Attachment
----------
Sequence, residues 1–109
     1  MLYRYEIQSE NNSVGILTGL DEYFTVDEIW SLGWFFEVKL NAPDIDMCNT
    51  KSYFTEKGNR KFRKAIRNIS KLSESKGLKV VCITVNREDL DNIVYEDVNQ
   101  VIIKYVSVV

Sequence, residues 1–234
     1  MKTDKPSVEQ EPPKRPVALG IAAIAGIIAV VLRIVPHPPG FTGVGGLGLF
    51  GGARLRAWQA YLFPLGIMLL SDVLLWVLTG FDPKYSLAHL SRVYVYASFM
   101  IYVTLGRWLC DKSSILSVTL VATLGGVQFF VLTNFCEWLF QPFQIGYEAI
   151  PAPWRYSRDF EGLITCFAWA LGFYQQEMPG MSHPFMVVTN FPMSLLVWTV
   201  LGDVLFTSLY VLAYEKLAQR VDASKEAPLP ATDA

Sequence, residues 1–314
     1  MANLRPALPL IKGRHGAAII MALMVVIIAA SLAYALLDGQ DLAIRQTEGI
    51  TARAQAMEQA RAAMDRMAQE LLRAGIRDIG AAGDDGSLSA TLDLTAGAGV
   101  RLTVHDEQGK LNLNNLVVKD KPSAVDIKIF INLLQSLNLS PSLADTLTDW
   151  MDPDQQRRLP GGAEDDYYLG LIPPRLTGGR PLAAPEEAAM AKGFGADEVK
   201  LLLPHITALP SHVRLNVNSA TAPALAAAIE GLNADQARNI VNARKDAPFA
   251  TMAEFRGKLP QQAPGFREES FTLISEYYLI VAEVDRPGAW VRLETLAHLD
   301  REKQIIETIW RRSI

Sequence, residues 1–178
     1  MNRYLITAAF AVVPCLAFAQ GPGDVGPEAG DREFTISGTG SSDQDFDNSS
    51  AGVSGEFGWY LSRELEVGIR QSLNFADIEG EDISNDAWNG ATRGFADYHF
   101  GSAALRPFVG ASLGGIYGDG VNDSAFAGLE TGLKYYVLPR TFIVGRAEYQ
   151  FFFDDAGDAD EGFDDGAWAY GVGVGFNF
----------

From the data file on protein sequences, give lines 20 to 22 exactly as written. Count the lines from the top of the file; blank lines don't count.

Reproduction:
     1  MNRYLITAAF AVVPCLAFAQ GPGDVGPEAG DREFTISGTG SSDQDFDNSS
    51  AGVSGEFGWY LSRELEVGIR QSLNFADIEG EDISNDAWNG ATRGFADYHF
   101  GSAALRPFVG ASLGGIYGDG VNDSAFAGLE TGLKYYVLPR TFIVGRAEYQ